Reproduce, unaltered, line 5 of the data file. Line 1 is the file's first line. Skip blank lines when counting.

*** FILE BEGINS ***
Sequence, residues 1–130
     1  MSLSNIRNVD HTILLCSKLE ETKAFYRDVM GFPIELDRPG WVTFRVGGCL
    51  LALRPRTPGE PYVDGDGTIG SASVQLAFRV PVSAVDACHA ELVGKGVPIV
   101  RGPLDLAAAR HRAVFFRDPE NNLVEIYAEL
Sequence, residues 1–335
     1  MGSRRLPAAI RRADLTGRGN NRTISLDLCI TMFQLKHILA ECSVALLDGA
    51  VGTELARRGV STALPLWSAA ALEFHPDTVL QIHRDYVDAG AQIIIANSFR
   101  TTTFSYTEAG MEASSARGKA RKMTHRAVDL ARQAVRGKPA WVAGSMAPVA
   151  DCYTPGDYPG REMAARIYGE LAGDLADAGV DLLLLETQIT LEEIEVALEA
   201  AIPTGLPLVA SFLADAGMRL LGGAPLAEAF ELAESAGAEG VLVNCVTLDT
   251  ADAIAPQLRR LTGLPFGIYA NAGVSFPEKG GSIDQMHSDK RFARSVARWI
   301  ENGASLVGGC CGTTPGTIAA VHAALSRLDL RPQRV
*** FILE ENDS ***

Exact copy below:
Sequence, residues 1–335